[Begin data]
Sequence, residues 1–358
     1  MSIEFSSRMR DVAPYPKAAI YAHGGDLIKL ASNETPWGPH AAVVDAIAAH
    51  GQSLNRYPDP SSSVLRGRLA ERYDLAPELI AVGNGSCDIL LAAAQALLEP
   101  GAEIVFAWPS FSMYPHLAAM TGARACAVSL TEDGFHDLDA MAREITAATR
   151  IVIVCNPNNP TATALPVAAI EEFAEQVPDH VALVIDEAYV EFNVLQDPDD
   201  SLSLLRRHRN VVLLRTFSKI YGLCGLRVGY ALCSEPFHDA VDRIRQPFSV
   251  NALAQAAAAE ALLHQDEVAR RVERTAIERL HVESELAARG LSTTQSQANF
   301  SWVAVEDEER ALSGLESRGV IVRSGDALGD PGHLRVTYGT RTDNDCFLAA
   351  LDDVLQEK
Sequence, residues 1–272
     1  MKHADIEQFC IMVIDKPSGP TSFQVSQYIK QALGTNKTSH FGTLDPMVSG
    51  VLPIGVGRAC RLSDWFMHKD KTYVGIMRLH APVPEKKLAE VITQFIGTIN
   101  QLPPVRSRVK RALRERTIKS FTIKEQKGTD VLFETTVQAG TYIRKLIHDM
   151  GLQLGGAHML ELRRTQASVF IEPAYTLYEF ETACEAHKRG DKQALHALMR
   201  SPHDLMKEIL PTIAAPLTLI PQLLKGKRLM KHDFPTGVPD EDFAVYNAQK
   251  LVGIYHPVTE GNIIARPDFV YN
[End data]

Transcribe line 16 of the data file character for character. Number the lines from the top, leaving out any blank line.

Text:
   251  LVGIYHPVTE GNIIARPDFV YN